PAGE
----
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Sometime in the middle years of my twenties, my sister and my cousin hennaed my breasts on a lark, using a dime-store-quality kit we bought off a mysterious woman at a street fair. It was summer. The air was heavy. The moon was full. It all made sense at the time. I had no idea how very close we came to correctly approximating the tradition of henna, which I did not understand to be such a robust and ritualized art form until I read Nomi Eve’s Henna House. Historical fiction thrills me in concept and reality; the idea that while being entertained I might also learn something vital; the possibility of acquiring – by osmosis! by accident! – facts and…

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Jewish History is Revisited in Martha Hall Kelly’s ‘Lilac Girls’

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If you missed the release of Lilac Girls, now is the time to buy the paperback. It is historical fiction based on true and harrowing events during World War II. For me, the Holocaust has always been mostly about how the Jews were prosecuted; a devastating time in our history across the world. But of course the Jewish people were not the only ones who were affected. Author Martha Hall Kelly gets up close and personal with Kasia, a young Polish girl with Jewish ancestry who is completing secret missions for the underground anti-war efforts and is captured by the Gestapo with her sister and her mother. One of these unforgettable characters is Herta, an out of work, German doctor…

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Interview with Sam Lightner, Jr., Author of ‘Heavy Green’

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Experienced climber Sam Lightner, Jr. talks with BookTrib about his latest book, Heavy Green. Heavy Green focuses on a little known CIA operation that could shift the outcome of the Vietnam War. Expertly researched, Heavy Green is a historical novel that shows a different side of the conflict at the time. In this interview, Lightner shares why that is and offers a new trajectory in how we should begin looking and discussing that period in our nation’s history.

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Tasty Food and Book Pairings for Every Literary Genre

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There are food and wine pairings, book and wine pairings, and even book and coffee pairings but no one knows what to eat with a book! What should you munch on while reading Mockingjay? Or nibble while reading New Moon? Well, lick your lips and attack a snack, because here are five foods pairings to go with every literary genre: Romance Ah, yes, the red wine and bubble bath classic. And what goes better with red wine than some nice dark chocolate? As you probably know, chocolate is the food of love. Turns out, there’s actually a chemical found in chocolate that can release serotonin, which can make you feel like you’ve gone down Lover’s Lane, never to return. But…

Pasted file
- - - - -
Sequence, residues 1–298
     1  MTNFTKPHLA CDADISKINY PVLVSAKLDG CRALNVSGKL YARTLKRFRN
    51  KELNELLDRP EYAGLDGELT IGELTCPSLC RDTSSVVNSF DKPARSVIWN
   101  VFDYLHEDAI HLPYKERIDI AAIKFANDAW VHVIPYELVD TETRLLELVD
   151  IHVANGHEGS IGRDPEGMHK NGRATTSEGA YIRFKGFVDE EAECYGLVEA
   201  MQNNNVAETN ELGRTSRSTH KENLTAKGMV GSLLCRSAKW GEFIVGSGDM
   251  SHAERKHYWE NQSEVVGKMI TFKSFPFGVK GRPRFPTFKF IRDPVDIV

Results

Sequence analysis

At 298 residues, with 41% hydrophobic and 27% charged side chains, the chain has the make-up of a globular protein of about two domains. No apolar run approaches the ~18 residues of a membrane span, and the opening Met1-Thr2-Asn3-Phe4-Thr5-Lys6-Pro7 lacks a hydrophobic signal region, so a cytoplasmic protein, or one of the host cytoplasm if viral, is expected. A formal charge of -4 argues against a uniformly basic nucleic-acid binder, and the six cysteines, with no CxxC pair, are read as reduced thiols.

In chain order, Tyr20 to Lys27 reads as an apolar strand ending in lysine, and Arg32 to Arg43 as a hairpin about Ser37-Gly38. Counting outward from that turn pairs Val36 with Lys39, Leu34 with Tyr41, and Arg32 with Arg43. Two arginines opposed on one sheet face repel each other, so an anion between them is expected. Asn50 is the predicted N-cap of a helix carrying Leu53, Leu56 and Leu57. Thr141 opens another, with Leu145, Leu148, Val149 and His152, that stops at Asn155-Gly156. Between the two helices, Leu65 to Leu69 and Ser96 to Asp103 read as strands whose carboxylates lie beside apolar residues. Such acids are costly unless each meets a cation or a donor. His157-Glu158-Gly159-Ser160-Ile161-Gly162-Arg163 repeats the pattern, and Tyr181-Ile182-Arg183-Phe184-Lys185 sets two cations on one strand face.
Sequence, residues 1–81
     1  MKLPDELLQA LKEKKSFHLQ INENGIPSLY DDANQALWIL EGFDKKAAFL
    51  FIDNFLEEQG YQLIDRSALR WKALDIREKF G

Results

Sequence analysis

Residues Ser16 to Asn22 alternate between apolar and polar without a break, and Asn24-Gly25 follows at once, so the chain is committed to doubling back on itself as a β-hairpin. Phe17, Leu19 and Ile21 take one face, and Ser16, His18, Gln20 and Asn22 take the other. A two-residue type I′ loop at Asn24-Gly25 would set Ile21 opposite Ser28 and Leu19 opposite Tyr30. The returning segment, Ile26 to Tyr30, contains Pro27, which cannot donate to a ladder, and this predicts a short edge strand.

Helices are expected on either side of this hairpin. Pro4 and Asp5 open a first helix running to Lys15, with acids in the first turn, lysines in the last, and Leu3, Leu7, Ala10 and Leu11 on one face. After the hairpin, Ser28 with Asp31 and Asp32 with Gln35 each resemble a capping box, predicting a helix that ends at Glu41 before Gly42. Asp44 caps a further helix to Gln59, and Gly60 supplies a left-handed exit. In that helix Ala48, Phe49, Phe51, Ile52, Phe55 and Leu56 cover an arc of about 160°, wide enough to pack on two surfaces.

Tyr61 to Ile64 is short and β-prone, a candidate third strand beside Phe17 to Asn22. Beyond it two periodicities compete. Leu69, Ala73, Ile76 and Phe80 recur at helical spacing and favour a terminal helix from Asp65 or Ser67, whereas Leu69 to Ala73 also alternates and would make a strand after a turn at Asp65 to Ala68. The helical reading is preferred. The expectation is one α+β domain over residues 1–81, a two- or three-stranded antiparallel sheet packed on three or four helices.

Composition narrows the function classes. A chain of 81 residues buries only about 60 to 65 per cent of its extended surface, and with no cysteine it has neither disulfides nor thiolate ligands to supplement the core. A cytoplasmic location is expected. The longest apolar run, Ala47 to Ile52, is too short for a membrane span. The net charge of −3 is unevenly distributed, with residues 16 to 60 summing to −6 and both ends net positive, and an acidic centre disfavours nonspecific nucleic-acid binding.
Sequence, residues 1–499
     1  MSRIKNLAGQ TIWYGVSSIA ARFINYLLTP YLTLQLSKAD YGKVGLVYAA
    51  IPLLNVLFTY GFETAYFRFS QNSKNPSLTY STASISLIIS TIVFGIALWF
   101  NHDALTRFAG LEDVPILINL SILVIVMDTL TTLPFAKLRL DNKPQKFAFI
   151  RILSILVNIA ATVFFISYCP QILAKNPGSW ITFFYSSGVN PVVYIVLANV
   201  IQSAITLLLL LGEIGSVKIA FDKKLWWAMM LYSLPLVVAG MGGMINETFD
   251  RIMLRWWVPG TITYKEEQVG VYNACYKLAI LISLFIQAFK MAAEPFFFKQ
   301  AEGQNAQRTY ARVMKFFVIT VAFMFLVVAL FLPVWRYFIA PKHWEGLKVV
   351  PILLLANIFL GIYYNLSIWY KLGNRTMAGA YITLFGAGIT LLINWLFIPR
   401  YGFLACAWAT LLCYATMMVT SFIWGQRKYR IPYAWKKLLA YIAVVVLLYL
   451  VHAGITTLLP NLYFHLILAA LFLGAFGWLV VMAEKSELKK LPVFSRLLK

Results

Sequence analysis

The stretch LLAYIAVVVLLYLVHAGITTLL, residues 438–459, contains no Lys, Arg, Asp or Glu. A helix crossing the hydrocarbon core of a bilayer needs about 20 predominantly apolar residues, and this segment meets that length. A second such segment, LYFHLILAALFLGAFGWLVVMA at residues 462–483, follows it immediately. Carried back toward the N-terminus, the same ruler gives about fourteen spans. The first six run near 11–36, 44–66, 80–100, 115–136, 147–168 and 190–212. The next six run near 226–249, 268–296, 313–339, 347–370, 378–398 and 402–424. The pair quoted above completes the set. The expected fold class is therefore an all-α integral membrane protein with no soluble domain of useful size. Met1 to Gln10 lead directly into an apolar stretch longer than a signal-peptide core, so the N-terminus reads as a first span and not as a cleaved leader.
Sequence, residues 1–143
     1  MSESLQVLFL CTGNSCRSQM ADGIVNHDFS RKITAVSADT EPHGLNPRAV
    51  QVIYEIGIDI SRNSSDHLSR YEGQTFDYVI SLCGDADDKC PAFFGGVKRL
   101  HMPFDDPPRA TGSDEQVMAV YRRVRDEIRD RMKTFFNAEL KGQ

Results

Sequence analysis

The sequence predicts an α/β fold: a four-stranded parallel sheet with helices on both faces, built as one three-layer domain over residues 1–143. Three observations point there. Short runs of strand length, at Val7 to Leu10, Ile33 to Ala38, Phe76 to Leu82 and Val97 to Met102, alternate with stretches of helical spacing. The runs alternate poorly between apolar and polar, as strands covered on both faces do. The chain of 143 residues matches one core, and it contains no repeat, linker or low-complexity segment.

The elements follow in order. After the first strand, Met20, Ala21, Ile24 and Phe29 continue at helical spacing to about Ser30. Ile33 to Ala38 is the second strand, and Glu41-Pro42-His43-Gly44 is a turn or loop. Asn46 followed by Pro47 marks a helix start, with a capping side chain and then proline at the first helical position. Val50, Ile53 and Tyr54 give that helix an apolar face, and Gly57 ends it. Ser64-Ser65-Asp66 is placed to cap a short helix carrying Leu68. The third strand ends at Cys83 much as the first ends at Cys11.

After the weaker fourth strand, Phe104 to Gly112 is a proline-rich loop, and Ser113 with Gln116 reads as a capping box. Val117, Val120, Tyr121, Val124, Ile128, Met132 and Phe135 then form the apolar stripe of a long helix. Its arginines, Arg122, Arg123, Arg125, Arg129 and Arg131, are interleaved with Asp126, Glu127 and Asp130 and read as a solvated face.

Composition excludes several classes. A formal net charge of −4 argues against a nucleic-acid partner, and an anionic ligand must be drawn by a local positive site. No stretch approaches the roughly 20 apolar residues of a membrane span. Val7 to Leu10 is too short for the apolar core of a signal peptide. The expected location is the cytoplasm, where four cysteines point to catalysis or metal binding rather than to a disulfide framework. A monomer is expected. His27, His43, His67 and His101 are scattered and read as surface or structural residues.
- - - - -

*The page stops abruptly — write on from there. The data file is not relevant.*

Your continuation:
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Nicole Kidman, Colin Farrell and Kirsten Dunst Bring ‘The Beguiled’ to Life Again

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nicole kidman the Beguiled

It’s a game of trust and deception in Thomas P. Cullinan’s novel, The Beguiled, which is being adapted for the screen…again. Originally published in 1966 under the title A Painted Veil, the Civil War thriller blends history, suspense and even a little romance. It’s a dark, engrossing tale that caught the eye of Sofia Coppola, who’s adapted it for the screen with an all-star cast that includes Nicole Kidman, Colin Farrell and Kirsten Dunst. The novel, which was re-released on June 13 as a movie tie-in, tells the story of a wounded Yankee soldier who turns up in the woods near Miss Martha Farnsworth Seminary for Young Ladies in rural Virginia during the Civil War. The women take him in, though…

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ICYMI! Our Top Picks from the 2016 Goodreads Choice Awards

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It’s once again time for the annual Goodreads Choice Awards, where thousands of readers choose their favorite books of the year. The competition is stiff this go around, with three stages of voting and tons of awesome reads to choose from. Goodreads has always been about the readers, bringing together authors and their fans in a truly personal way. The Choice Awards are no exception, and is, according to Goodreads, “the only major book award decided by readers.” Which is why this is such a great chance for the book lovers of 2016 to let their voices be heard The Opening Round vote started on November 1 and goes until the 6, so if you haven’t voted yet, now’s the time!…